[ 80 ] January 18, 2017 |

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Congratulations to the Rock — happy to see this great player get the recognition he merits under the wire. Glad to see Bagwell and Pudge make it too. All no-brainers to people who aren’t crank drug warriors who don’t need mere evidence to exercise their self-indulgence.

I have a confession: I was sort of OK with the Yankees winning the World Series in 1996. On the one hand, the Braves were the Yankees of the era and a division rival. And, on the other hand, Raines got a ring (one underappreciated thing about Torre and Cashman is the way they used former stars as valuable role players on those early champions.) May the lord forgive me.

I’ll have more thoughts, but I’ll leave Raines and the other winners to their own thread.

…Longtime friend of LGM Jonah, who I think played a far from trivial role in making this happen, gets to write the piece he’s always wanted to write and nails it on a one-hop from left:

My favorite team bit the dust 13 years ago. That same team traded away my favorite player, who went on to play for five different teams after his first run with the Expos. For all of their charm, being a sports fan can be so fickle, it can feel like rooting for laundry.

But those old memories never fade. More than the Expos or even Raines himself, being a fan was about sitting beside my Papas, watching those first games when I wasn’t yet old enough to fully understand what I was seeing.

That’s why, when Hall of Fame President Jeff Idelson called Raines’ name today, I, a 42-year-old man of relatively sane mind, jumped around and yelled like a damn lunatic. It’s why I thumbed through so many old albums, and cried like a damn baby whenever I thought about those very first baseball games.

The American Power Elite’s Fierce Resistance to Donald Trump Continues

[ 420 ] January 18, 2017 |

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Betsy DeVos, everybody:

As I may have mentioned, my father was a teacher and an administrator in the public high schools for over 35 years. He explained the essential difference between proficiency and growth to me 40 years ago. That a prospective Secretary of Education hadn’t the faintest idea what Franken was talking about should have been enough to make the committee adjourn itself in helpless laughter.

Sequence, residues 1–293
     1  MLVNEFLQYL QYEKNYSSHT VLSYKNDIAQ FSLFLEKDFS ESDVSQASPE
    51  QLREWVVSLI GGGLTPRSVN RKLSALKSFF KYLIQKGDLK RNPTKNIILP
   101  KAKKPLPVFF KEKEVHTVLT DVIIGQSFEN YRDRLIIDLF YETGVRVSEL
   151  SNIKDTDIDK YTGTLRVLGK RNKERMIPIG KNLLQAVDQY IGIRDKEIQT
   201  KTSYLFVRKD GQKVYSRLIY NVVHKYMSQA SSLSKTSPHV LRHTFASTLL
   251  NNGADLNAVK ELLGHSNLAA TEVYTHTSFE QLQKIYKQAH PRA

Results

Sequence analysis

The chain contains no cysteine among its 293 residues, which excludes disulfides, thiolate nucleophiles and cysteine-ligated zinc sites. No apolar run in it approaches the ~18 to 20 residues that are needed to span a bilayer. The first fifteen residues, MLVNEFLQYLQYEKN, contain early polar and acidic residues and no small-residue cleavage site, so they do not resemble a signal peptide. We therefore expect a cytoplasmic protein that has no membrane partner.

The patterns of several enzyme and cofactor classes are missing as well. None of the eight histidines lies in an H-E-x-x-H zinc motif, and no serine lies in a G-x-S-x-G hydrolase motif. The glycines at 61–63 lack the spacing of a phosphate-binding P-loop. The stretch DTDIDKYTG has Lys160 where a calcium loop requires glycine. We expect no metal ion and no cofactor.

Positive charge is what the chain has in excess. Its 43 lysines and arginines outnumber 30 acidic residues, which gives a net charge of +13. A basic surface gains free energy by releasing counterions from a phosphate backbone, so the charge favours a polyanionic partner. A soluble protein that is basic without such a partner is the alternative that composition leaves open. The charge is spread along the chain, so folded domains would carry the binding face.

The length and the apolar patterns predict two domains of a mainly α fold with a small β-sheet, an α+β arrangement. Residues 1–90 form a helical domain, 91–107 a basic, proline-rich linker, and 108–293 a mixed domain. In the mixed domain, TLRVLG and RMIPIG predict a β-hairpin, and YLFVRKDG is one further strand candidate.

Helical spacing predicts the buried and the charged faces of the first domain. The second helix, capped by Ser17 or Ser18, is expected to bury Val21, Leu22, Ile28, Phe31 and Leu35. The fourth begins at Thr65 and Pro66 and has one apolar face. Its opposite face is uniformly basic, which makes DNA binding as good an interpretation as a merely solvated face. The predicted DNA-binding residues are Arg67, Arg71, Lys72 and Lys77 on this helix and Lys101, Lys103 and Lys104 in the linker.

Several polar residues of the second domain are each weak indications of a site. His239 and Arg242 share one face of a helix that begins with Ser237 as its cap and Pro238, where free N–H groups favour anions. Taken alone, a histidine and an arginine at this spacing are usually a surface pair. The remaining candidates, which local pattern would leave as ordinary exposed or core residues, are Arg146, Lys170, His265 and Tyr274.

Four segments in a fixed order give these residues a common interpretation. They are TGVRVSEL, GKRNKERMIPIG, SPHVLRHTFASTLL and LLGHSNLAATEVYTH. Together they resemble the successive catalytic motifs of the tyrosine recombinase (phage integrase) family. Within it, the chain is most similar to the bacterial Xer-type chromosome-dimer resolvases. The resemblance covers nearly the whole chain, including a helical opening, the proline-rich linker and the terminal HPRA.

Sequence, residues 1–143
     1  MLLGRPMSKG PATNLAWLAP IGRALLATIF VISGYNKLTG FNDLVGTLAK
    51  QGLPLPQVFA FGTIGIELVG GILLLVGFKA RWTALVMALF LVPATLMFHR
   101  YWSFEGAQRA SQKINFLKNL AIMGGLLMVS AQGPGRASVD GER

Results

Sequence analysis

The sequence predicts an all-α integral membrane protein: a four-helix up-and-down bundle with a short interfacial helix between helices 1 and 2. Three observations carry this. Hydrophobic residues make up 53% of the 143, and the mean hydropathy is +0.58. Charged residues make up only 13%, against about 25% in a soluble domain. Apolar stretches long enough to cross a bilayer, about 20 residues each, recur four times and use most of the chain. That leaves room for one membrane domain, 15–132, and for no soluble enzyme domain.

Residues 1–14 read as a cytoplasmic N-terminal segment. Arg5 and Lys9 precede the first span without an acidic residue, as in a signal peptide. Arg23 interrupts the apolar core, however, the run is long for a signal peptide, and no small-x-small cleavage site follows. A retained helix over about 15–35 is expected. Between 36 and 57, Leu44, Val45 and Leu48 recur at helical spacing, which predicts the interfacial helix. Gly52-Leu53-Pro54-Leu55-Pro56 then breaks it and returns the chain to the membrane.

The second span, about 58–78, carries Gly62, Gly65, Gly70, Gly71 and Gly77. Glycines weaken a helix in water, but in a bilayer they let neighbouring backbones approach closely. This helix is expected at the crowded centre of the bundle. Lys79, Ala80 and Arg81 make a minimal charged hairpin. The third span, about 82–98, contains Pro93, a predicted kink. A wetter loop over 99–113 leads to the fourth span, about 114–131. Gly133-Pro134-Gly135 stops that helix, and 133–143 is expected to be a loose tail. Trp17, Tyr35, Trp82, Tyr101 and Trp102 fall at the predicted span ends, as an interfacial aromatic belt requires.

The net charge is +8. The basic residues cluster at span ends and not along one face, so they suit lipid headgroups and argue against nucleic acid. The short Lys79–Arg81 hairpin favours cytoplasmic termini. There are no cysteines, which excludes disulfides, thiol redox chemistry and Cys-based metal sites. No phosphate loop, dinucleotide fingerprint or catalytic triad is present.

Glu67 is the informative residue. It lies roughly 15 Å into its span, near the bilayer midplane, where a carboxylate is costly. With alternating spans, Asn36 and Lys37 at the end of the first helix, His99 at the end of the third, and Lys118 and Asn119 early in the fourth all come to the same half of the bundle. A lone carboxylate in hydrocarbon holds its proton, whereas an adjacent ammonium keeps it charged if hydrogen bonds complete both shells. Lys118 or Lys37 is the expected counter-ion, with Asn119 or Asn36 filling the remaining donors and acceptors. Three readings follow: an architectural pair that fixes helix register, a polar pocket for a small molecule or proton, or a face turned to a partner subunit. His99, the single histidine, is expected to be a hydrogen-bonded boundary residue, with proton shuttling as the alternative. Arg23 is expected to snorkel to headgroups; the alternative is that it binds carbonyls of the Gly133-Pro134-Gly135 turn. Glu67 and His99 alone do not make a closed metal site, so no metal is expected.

[…]

The whole hearing was beyond bizarre. I believe that the hearing into the nomination of Mike Pompeo to run the CIA was less covert than this one was. It started at five in the evening. Committee chairman Lamar Alexander locked the committee into a one round of questioning in which the members each had five minutes. This meant that most of the Republicans gave little five-minute addresses on the greatness of Betsy DeVos, Civil Rights icon and Concerned Mom. Meanwhile, the Democrats each spent some of their time pleading for another round of questioning. The strategy of putting DeVos’ nomination on a rocket sled so as to avoid exposing too much of her abysmal lack of qualifications was so obvious as to be insulting.

As a colleague observes, one thing the Cabinet of Deplorables indicates is Donald Trump’s utter, and entirely justified, contempt for Senate Republicans. He can’t be bothered to do even the most perfunctory quality control or effort to prepare his nominees. And why should he, since the Senate is happy to rush even the most cartoonishly unqualified nominees through. Trump could nominate a barrel of cow shit with a Confederate Flag stuck into it to a cabinet post and get 52 yea votes. Why spend any more time than you have to? It’s called checks and balances.

Wikileaks in a Single Tweet

[ 96 ] January 18, 2017 |

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Really. It’s like the John Birch Society—if the John Birch Society were a laundering operation for Russian propaganda.

The Obvious Rightness of the Manning Commutation

[ 91 ] January 18, 2017 |

Both the grossly disproportionate sentence and the awful conditions she was subjected to not only justify but compel commutation: